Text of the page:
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‘Smokin’ Aces’ more like a flamed-out joker

Jeremy Piven and an all-star cast are totalally wasted in this slasher-crime drama that plays like Tarantino Lite.

Beware of crime thrillers that front-load a lot of exposition through voiceovers. If too many characters and plot elements are jammed together in the opening minutes, it’s often a sign of desperation.

Perhaps the information is not as vital or as complex as the filmmakers intended, or they’ve failed to weave it smoothly into dialogue and action, or they’re trying to make a short story long by padding it out.

All of the above appears to apply to writer-director Joe Carnahan’s “Smokin’ Aces,” which carries the extra burden of taking itself terribly seriously once the key plot details are out in the open. A bloodbath and a freak show for much of its length, it suddenly decides to deliver a final-reel message about the futility of violence.

The story revolves around a couple of FBI agents (Ray Liotta, Ryan Reynolds) who are assigned to the Lake Tahoe retreat of a decadent comedian-magician, Buddy “Aces” Israel (Jeremy Piven), who has agreed to testify against the Nevada mob. The feds’ main target, Primo Sparazza (Joseph Ruskin), has taken out a $1 million contract on Israel, whose sudden vulnerability entices all sorts of mayhem-making bounty hunters — including chainsaw-wielding neo-Nazis.

Ben Affleck plays a bail bondsman who gets in over his head, and there are small, less-than-challenging roles for Andy Garcia (as an FBI negotiator), Peter Berg (as Affleck’s pal), singer Alicia Keys (as a comic-relief lesbian) and Jason Bateman, who makes something almost lyrical out of a soused lawyer’s extended rants.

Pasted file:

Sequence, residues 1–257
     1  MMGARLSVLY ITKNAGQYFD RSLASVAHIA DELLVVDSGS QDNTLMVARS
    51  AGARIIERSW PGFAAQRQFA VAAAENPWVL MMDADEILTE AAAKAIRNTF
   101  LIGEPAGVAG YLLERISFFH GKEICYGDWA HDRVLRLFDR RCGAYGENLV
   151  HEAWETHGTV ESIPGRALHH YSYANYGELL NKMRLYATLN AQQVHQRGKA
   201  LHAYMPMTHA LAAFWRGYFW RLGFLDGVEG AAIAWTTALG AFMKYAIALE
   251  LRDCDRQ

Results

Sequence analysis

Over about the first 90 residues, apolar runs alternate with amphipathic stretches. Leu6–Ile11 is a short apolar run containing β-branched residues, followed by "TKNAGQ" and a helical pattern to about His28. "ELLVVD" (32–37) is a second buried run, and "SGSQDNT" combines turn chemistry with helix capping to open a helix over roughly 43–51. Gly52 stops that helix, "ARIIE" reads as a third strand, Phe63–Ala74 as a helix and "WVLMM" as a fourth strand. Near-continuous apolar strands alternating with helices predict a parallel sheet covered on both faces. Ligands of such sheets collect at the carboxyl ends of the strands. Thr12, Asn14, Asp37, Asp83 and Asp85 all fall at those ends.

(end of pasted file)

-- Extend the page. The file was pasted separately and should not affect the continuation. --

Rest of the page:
A lot of talent is on display here, and most of it is wasted. Piven has a few funny moments when his character is performing, sharing a casino act with Wayne Newton and advising him to retire. But fans of “Entourage” will wonder why Piven has been given so little to do here; an episode in which coked-up Israel weeps at his mirror image is more awkward than revealing.

Are we supposed to feel something for this guy, who is presented, in vivid detail, as the sleazebag of the century? For that matter, do the gruesome deaths of any of these characters register as anything but special-effects triumphs?

Carnahan’s 1998 directing debut, “Blood, Guts, Bullets and Octane,” was one of the snarkier, more entertaining crime comedies that followed the release of “Pulp Fiction.” His second film, “Narc” (2002), which had a better-known cast (Liotta, Jason Patric), grabbed more attention.

Carnahan’s most distinctive touch in “Smokin’ Aces” is to emphasize the startling intimacy of much of the violence. A killer who has just taken down Affleck’s character does a ventriloquist act with the dead man’s jaw. A hotel security guard becomes entwined in something like a lover’s embrace with his murderer.

The idea is as old as “Double Indemnity,” in which Fred MacMurray and Barbara Stanwyck said goodbye with a lethal embrace, but it comes off as one of the fresher touches here. The rest is mostly Tarantino Lite.